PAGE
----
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Suffolk Center for Speech


What is Dysarthria?

  • Dysarthria is a speech disorder that occurs due to damage that has occurred to parts of the brain which in turn affects muscle control. 

What are the differences between the different types of Dysarthria?

  • There are 7 types of dysarthria: Flaccid, Spastic, Ataxic, Hypokinetic, Hyperkinetic, Unilateral Upper Motor Neuron, and Mixed. They each are characterized by respective causes and features which in turn result in different degrees of impairment in muscle control while speaking.
    • Flaccid—associated with disorders of the lower motor neuron system and/or muscle; presents with weakness
    • Spastic—associated with bilateral disorders of the upper motor neuron system; present with spasticity
    • Ataxic—associated with disorders of the cerebellar control circuit; presents with uncoordinated movements
    • Hypokinetic—associated with disorders of the basal ganglia control circuit; presents with slow movements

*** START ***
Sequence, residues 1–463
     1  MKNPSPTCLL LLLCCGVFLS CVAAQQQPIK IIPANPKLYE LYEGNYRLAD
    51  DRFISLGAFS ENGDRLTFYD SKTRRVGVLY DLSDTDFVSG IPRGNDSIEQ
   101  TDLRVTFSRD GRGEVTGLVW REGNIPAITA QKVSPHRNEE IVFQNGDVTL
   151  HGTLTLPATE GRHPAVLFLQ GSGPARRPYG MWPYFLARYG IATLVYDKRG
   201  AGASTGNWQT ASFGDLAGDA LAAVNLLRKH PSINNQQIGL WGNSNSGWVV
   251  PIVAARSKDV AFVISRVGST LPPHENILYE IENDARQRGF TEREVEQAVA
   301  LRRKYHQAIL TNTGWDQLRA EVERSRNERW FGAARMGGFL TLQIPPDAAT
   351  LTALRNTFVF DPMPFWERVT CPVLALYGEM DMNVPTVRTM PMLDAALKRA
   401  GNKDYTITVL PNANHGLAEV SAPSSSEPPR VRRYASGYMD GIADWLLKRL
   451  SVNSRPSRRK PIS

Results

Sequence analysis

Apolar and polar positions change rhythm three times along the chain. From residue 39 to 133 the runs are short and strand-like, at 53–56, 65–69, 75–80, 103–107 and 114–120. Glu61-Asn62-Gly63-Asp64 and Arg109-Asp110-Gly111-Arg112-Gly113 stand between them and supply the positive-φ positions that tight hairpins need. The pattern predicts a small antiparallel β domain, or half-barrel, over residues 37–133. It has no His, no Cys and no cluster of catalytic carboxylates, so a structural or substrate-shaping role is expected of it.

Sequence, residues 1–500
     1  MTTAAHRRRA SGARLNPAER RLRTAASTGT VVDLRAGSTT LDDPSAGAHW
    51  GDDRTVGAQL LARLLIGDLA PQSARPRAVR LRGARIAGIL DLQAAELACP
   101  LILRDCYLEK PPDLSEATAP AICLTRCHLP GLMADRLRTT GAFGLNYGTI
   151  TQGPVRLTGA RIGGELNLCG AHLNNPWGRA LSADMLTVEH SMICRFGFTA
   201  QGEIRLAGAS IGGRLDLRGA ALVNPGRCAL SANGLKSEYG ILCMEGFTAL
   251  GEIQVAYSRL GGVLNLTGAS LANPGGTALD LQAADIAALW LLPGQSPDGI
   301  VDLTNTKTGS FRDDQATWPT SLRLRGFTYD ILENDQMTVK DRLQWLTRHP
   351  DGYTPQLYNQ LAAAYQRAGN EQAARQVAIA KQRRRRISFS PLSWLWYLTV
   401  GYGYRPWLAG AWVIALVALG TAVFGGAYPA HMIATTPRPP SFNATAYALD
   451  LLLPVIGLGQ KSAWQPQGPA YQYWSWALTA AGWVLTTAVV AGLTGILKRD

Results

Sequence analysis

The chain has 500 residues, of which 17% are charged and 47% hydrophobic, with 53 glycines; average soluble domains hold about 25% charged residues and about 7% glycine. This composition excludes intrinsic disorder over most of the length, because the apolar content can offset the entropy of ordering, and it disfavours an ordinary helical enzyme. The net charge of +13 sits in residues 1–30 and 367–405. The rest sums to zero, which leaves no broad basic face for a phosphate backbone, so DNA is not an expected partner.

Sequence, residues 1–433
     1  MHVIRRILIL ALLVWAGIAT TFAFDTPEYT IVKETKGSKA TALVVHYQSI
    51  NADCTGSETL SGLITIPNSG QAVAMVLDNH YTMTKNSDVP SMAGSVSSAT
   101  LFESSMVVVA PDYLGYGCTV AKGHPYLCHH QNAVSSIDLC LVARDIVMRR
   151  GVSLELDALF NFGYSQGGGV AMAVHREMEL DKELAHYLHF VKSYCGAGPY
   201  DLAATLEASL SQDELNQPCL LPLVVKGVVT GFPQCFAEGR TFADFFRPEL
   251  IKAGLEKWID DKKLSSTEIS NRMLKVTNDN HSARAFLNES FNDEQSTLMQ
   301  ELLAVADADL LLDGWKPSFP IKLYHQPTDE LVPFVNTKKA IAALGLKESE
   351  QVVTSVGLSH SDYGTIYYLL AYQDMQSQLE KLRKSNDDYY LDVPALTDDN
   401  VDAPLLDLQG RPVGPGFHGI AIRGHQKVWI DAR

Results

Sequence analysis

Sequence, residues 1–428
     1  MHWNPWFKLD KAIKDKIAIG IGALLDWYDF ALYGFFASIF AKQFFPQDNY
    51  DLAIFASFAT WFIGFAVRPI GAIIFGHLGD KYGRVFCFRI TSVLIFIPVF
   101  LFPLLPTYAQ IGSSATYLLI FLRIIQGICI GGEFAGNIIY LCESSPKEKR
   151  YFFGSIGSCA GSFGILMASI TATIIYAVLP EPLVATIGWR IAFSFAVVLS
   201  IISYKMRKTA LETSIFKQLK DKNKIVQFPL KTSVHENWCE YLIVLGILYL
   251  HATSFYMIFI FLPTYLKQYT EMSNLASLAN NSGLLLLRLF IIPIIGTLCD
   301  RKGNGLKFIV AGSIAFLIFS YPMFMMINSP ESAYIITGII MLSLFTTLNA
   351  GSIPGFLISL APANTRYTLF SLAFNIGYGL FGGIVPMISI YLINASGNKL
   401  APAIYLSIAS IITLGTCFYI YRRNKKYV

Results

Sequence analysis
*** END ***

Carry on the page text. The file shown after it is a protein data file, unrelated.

• Hyperkinetic—associated with disorders of the basal ganglia control circuit’ presents with involuntary movements
    • Unilateral upper motor neuron—associated with unilateral disorders of the upper motor neuron system; associated with Apraxia of speech
    • Mixed—various combinations of dysarthria types (e.g., spastic-ataxic; flaccid-spastic)’ is commonly seen in MS, ALS, and Wilson’s disease
    • Undetermined—perceptual features are consistent with dysarthria but do not clearly fit into any of the identified dysarthria types

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-Amanda D

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